Contributors draw on rich, nuanced fieldwork data collected during the 2000s to examine work, schooling, family and marital relations, child rearing, entertainment, lifestyle choices, community support, consumption and waste, material culture, well-being, aging, death and memorial rites, and sexuality. The voices in these pages vary widely: They include schoolchildren, teenagers, career women, unmarried women, young mothers, people with disabilities, small business owners, organic farmers, retirees, and the elderly.
New Religions, Media, and Authority in Occupied Japan
Celebrity Gods explores the interaction of new religions and the media in postwar Japan. It focuses on the leaders and founders (kyōsō) of Jiu and Tenshō Kōtai Jingū Kyō, two new religions of Japan’s immediate postwar period that received substantial press attention. Jiu was linked to the popular prewar group Ōmotokyō, and its activities were based on the millennial visions of its leader, a woman called Jikōson. When Jiu attracted the legendary sumo champion Futabayama to its cause, Jikōson and her activities became a widely-covered cause célèbre in the press. Tenshō Kōtai Jingū Kyō (labeled odoru shūkyō, “the dancing religion,” by the press) was led by a farmer’s wife, Kitamura Sayo. Her uncompromising vision and actions toward creating a new society—one that was far removed from what she described as the “maggot world” of postwar Japan—drew harsh and often mocking criticism from the print media.
Looking back for precursors to the postwar relationship of new religions and media, Benjamin Dorman explores the significant role that the Japanese media traditionally played in defining appropriate and acceptable social behavior, acting at times as mouthpieces for government and religious authorities. Using the cases of Renmonkyō in the Meiji era and Ōmotokyō in the Taishō and Shōwa eras, Dorman shows how accumulated images of new religions in pre-1945 Japan became absorbed into those of the immediate postwar period. Given the lack of formal religious education in Japan, the media played an important role in transmitting notions of acceptable behavior to the public. He goes on to characterize the leaders of these groups as “celebrity gods,” demonstrating that the media, which were generally untrained in religious history or ideas, chose to fashion them as “celebrities” whose antics deserved derision. While the prewar media had presented other kyōsō as the antithesis of decent, moral citizens who stood in opposition to the aims of the state, postwar media reports presented them primarily as unfit for democratic society.
Celebrity Gods delves into an under-studied era of religious history: the Allied Occupation and the postwar period up to the early 1950s. It is an important interdisciplinary work that considers relations between Japanese and Occupation bureaucracies and the groups in question, and uses primary source documents from Occupation archives and interviews with media workers and members of religious groups. For observers of postwar Japan, this research provides a roadmap to help understand issues relating to the Aum Shinrikyō affair of the 1990s.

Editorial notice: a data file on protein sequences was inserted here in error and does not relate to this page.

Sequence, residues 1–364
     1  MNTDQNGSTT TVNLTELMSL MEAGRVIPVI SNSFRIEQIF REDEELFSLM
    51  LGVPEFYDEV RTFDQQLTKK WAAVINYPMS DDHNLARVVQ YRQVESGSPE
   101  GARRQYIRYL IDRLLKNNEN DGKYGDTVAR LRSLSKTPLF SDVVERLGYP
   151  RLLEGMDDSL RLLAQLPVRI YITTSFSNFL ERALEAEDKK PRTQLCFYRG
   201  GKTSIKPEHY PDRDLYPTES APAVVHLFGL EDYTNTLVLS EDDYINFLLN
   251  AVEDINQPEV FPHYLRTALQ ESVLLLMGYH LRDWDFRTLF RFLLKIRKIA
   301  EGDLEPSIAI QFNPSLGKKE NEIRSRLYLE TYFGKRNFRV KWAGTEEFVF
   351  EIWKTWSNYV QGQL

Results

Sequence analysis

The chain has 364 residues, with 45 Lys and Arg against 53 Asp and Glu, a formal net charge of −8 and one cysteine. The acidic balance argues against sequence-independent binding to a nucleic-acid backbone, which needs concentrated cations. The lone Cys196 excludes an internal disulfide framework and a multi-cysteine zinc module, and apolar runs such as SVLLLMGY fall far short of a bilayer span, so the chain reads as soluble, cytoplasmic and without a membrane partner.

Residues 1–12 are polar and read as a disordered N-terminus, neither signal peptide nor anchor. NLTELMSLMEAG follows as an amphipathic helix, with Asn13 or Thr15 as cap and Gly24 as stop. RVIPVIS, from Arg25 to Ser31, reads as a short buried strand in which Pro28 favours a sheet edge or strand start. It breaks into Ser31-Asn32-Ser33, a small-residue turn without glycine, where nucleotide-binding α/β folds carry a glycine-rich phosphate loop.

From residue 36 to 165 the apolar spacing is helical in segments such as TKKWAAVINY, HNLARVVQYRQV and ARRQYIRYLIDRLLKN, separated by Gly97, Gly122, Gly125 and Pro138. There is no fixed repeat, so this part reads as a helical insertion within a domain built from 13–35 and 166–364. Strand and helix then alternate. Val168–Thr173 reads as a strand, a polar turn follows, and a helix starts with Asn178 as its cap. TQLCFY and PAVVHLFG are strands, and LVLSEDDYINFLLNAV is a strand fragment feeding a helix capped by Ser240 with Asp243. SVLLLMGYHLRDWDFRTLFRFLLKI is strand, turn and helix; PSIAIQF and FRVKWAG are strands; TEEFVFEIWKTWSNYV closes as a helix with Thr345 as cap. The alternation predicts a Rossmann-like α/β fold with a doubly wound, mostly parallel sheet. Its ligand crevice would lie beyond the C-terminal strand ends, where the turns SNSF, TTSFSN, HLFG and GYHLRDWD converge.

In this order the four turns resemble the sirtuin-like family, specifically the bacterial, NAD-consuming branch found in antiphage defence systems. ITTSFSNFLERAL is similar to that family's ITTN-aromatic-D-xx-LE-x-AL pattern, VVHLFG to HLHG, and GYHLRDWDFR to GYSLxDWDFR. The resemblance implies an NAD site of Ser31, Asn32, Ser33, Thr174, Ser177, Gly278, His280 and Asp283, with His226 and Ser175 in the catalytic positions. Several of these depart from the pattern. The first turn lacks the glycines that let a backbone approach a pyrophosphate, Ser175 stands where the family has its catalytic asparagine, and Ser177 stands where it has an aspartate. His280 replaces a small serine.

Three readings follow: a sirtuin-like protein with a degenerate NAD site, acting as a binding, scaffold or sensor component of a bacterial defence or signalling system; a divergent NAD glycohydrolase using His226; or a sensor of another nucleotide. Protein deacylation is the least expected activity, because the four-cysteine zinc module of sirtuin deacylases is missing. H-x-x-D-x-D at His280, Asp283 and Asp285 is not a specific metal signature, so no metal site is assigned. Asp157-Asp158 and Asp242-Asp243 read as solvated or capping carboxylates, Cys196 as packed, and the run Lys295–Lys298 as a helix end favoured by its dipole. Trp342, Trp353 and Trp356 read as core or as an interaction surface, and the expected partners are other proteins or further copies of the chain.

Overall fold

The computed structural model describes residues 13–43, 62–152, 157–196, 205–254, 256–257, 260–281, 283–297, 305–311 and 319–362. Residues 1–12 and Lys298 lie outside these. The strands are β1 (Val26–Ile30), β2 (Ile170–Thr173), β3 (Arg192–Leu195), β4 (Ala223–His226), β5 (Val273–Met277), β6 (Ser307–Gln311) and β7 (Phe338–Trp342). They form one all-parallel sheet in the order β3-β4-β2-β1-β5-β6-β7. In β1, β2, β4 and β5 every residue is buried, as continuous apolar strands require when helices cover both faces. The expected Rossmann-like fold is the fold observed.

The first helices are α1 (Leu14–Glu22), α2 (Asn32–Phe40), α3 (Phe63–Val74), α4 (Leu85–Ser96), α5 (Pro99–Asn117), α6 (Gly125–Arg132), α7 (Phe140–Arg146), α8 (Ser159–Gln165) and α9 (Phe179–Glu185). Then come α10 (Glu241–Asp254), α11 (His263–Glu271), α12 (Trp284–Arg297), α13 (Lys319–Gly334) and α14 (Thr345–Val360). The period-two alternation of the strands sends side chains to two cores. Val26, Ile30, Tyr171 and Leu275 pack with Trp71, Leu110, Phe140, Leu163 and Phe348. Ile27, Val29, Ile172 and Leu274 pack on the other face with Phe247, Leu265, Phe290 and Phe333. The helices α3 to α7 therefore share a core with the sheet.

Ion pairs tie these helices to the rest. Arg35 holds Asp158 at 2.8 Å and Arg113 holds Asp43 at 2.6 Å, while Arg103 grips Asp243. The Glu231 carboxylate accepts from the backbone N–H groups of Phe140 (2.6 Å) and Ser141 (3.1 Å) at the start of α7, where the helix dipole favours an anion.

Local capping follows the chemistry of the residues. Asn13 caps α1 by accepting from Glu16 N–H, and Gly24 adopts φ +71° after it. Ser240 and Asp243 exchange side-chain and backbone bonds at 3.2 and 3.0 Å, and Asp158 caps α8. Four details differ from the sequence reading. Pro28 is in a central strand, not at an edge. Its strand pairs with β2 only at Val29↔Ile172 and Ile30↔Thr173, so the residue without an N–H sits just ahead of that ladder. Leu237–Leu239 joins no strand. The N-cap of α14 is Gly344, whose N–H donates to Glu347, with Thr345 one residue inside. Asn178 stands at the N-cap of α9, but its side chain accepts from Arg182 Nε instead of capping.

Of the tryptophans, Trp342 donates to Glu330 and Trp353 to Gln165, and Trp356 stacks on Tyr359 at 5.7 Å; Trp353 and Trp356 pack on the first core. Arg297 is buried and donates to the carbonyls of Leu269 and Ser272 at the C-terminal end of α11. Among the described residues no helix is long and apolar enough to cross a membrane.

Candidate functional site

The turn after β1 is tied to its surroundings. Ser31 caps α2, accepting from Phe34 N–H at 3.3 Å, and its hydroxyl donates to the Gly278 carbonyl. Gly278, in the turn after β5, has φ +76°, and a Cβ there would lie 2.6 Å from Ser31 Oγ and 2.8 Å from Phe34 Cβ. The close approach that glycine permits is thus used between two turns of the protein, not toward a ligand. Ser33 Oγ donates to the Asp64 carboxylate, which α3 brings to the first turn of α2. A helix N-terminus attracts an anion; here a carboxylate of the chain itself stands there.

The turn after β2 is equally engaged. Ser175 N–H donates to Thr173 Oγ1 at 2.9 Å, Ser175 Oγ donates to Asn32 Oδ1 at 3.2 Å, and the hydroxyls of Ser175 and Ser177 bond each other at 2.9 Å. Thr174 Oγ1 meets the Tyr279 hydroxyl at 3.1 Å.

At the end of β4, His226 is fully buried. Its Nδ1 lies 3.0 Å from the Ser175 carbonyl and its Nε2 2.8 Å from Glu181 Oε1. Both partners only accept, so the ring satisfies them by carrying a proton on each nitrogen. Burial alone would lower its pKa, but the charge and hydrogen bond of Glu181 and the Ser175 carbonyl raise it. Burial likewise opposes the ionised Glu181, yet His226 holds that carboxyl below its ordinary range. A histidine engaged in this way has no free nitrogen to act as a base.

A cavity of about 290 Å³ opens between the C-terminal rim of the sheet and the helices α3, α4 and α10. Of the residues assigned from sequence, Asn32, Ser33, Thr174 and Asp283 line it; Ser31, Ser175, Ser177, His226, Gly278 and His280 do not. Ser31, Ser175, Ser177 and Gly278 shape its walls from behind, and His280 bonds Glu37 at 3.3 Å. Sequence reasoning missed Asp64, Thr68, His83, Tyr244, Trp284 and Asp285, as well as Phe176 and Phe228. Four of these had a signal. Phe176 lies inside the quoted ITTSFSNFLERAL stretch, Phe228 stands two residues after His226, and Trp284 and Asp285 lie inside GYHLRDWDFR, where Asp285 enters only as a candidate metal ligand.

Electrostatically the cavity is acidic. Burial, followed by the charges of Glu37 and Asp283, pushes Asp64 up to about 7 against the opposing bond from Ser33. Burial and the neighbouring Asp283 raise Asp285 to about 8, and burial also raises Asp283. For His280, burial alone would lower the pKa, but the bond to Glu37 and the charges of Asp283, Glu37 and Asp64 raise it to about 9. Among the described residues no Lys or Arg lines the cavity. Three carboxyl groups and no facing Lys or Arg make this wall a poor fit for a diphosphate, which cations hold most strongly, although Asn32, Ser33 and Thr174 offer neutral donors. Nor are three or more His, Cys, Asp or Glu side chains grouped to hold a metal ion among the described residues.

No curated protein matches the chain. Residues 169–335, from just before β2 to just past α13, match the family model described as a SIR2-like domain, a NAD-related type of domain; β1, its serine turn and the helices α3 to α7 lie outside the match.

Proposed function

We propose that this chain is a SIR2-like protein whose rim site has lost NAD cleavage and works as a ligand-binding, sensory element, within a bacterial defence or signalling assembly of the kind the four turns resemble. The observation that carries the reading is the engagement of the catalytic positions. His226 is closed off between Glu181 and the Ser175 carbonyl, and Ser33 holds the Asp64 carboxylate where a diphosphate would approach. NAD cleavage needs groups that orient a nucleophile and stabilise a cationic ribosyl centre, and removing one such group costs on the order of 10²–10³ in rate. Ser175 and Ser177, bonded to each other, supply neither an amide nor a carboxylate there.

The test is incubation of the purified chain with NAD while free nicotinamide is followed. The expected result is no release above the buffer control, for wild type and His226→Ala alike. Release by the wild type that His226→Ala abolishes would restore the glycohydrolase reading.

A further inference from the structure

Celluloid Comrades offers a cogent analytical introduction to the representation of male homosexuality in Chinese cinemas within the last decade. It posits that representations of male homosexuality in Chinese film have been polyphonic and multifarious, posing a challenge to monolithic and essentialized constructions of both ‘Chineseness’ and ‘homosexuality.’ Given the artistic achievement and popularity of the films discussed here, the position of ‘celluloid comrades’ can no longer be ignored within both transnational Chinese and global queer cinemas. The book also challenges readers to reconceptualize these works in relation to global issues such as homosexuality and gay and lesbian politics, and their interaction with local conditions, agents, and audiences. Tracing the engendering conditions within the film industries of China, Taiwan, and Hong Kong, Song Hwee Lim argues that the emergence of Chinese cinemas in the international scene since the 1980s created a public sphere in which representations of marginal sexualities could flourish in its interstices. Examining the politics of representation in the age of multiculturalism through debates about the films, Lim calls for a rethinking of the limits and hegemony of gay liberationist discourse prevalent in current scholarship and film criticism. He provides in-depth analyses of key films and auteurs, reading them within contexts as varied as premodern, transgender practice in Chinese theater to postmodern, diasporic forms of sexualities. Informed by cultural and postcolonial studies and critical theory, this acutely observed and theoretically sophisticated work will be of interest to a wide range of scholars and students as well as general readers looking for a deeper understanding of contemporary Chinese cultural politics, cinematic representations, and queer culture.